Notwithstanding their preference for inspections, the editors did not shy away from advocating the use of air strikes including unilateral American air strikes if the obstacles constructed by Saddam made it impossible for the U.N.s inspectors to fulfill their missions. The Times endorsed every U.S. military operation ordered by Clinton. None of the editorials insisted that the U.S. must obtain Security Council approval before undertaking a military action, nor did they require that military operations unilateral or multilateral be authorized by new Security Council resolutions.

When the editors criticized the Clinton administration, it was for being too dovish, not too hawkish. They leveled similar criticisms at the U.N. Security Council. China, Russia and especially France were taken to task for giving priority to their commercial interests over coming to grips with the threat posed by Iraqs WMD.

It would appear that the concern about “misleading” information about Iraq depends more on which party the President belongs to than what was actually said.

Joe Lieberman Didn’t Get The Memo

Our Troops Must Stay

I have just returned from my fourth trip to Iraq in the past 17 months and can report real progress there. More work needs to be done, of course, but the Iraqi people are in reach of a watershed transformation from the primitive, killing tyranny of Saddam to modern, self-governing, self-securing nationhood–unless the great American military that has given them and us this unexpected opportunity is prematurely withdrawn.

There’s always someone that doesn’t get the word. Hasn’t Senator Lieberman been paying attention?

We lost. We have to get out and beg for mercy.

I’m sure that when Senator Lieberman gets the real story from Senator Kerry, Congressman Murtha and Cindy Sheenan he will change his tune. Why has he been wasting his time talking to those Iraqis, they’re not even voters?

I’m Sure This Must Be George Bush’s Fault

Militants threaten attacks on Southeast Asian governments –

JAKARTA, Indonesia — A militant group calling itself Al-Qaeda’s Southeast Asian Division has threatened to attack regional governments, and lauds two notorious terrorist leaders as “tigers of Islam.”

In a website posting seen Tuesday, the previously unknown group warned Malaysia, Thailand, Singapore, Indonesia and the Philippines to expect attacks on government, military and economic targets, and urged Muslims to avoid those locations.

“All the things that we will do are savage acts against humans who do not want to believe in Allah,” said the rambling 41,000 word posting entitled a “declaration of war.” “The swords of the holy warriors are always thirsty for your blood.”

There was no way to know whether the group had the means to carry out the threats.

Al-Qaeda? I think I have heard of them somewhere before. But since Islam is the “religion of peace” they must have been provoked by George Bush. I think the thing to do would be to give in immediately and hope they don’t hurt anyone. If they do, we’ll just have to try harder.

Liberal Solution For GM Problems?

A taxpayer funded subsidy.

Washington Needs to Break Out Jumper Cables for Big Three – Los Angeles Times

One good idea is the proposal from Sen. Barack Obama (D-Ill.) for Washington to assume some of the companies’ retiree healthcare expenses if they commit to produce more fuel-efficient vehicles. The auto companies also provide the best justification for proposals from Senate Majority Leader Bill Frist (R-Tenn.) and Sen. John F. Kerry (D-Mass.) to lower health insurance premiums for employers by shifting the most expensive cases to a public reinsurance pool. Others see the industry’s distress as a compelling reason to resume discussions about transferring all healthcare expenses to a national single-payer system.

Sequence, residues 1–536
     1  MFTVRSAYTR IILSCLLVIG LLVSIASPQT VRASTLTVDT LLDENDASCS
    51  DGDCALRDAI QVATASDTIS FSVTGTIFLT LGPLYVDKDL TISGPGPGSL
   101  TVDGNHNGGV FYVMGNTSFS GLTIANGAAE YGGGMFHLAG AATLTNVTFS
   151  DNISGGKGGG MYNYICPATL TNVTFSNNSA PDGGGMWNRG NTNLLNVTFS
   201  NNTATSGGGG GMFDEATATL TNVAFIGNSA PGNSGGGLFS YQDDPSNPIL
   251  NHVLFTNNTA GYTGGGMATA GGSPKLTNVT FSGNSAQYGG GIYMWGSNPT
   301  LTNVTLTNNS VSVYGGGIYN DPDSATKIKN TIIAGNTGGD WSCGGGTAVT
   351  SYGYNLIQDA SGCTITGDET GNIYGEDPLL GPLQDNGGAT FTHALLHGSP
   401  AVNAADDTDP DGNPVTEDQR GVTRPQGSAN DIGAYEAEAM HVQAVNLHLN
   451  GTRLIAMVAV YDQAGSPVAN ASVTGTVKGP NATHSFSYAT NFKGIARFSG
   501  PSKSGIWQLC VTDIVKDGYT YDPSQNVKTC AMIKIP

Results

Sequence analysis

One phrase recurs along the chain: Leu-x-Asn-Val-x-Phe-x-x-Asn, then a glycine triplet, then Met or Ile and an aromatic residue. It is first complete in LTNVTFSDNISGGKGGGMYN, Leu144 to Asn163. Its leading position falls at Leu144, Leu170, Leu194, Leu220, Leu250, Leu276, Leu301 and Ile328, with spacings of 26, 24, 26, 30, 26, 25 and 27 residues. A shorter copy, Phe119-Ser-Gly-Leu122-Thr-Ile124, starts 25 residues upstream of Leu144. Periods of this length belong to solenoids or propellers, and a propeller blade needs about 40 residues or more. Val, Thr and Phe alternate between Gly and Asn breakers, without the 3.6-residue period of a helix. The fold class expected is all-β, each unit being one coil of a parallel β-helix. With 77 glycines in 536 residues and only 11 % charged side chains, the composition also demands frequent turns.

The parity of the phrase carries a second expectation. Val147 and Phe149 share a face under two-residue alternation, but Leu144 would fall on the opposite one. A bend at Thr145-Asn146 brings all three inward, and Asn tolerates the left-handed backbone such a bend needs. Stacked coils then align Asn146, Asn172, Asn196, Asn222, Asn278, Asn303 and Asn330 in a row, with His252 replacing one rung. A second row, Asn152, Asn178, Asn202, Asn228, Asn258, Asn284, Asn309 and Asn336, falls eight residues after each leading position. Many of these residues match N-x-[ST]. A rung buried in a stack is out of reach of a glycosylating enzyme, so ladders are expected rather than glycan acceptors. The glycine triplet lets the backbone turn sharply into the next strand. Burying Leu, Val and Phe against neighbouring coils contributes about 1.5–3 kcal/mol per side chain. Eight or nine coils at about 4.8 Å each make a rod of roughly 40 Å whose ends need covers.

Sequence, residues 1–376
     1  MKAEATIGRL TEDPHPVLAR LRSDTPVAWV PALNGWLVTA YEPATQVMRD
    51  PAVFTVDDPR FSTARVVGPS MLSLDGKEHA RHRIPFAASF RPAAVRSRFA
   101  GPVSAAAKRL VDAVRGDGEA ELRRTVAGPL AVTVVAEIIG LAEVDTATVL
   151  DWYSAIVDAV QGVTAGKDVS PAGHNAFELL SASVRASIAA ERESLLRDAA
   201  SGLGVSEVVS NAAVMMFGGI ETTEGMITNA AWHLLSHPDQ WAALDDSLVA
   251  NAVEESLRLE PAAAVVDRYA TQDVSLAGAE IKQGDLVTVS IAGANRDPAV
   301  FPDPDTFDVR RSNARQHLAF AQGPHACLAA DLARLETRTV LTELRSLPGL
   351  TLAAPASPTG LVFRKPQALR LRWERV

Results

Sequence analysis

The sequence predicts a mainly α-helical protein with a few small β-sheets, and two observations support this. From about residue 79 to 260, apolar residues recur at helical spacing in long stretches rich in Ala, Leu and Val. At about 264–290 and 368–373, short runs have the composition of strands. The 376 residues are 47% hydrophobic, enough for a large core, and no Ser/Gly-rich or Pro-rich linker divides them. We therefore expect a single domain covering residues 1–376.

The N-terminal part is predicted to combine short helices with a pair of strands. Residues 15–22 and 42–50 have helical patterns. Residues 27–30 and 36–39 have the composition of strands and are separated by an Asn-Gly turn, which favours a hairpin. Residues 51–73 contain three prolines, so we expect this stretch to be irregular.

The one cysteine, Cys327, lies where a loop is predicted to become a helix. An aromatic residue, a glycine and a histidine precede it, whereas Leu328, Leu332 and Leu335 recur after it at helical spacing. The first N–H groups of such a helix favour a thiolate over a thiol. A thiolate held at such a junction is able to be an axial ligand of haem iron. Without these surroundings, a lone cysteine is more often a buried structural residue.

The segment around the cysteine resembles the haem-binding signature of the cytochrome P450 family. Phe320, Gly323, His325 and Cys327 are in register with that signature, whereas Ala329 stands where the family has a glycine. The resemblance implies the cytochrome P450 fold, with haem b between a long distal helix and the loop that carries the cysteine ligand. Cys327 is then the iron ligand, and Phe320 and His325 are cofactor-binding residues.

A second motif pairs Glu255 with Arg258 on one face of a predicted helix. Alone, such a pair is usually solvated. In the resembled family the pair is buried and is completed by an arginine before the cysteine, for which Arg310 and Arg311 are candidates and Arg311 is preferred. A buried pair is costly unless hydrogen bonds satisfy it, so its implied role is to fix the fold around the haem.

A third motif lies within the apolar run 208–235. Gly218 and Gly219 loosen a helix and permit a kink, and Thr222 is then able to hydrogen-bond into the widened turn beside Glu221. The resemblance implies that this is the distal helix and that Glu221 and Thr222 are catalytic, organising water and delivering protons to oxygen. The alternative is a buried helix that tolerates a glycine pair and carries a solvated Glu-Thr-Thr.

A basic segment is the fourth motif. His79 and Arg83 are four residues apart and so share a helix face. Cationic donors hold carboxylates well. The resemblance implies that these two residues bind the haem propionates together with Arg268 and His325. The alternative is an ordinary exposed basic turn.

Other, more immediately viable, ideas include using federal procurement to steer the companies toward greater production of hybrid vehicles and mounting greater efforts, through state-run manufacturing extension services, to increase productivity at small suppliers who provide most of their parts. Reciprocity should be the key: All public aid should be conditioned on reform at the companies.

So, because GM doesn’t make cars most people want, because GM management has driven the company into the ground, because the UAW has forced GM to guarantee unsustainable levels of wages and benefits, the taxpayer is supposed to step in and take the burden off their shoulders?

Gee, can I get bailed out when I make promises that I can’t keep? If so I’m going to promise my wife a Mediterranean cruise.

Of course, the difference is that they are a big company with lots of employees.

The rise of the automobile in the 20th century provided Americans unprecedented personal mobility. But the social mobility the industry offered may have changed the nation even more. Detroit’s assembly lines not only transformed rubber and steel into Buicks and Chryslers, they also carried men with strong backs but little education whites and blacks, immigrants and native-born workers from lives with meager prospects into the security of the middle class.

And so we are on the hook to bail them out no matter what? We get to pay for them to make more cars that people don’t want and for the workers to spend their lunch hours at local bars? Forever?

Are we going to also help the workers laid off when music recording switched from vinyl to CD?

I thought liberals were against corporate welfare?

Have We Lost Our Will To Fight?

Dan Melson at Searchlight Crusade has a wonderful post wondering if we have lost the capability of waging any war at all.

Searchlight Crusade Recent US Political and Military History and the War on Terror

The single most important lesson of this work, the earliest basic text on which all military science is based, is the lesson of effective warfare. In the original work, if you’re not careful you will read past this very short passage without noticing that it is even important, much less how important it is. “Supreme excellence consists in breaking the enemy’s resistance without fighting.”

This has been expanded greatly in the 2500 years since. Judging by the entire long, sorry history of warfare, the one sentence that I can come up with that best distills this point is that “A war or a battle is lost when the will to fight it is broken.” Not until. No matter how hopeless it looks, so long as the will to fight is there, there is hope.

There’s lots more. Read it all.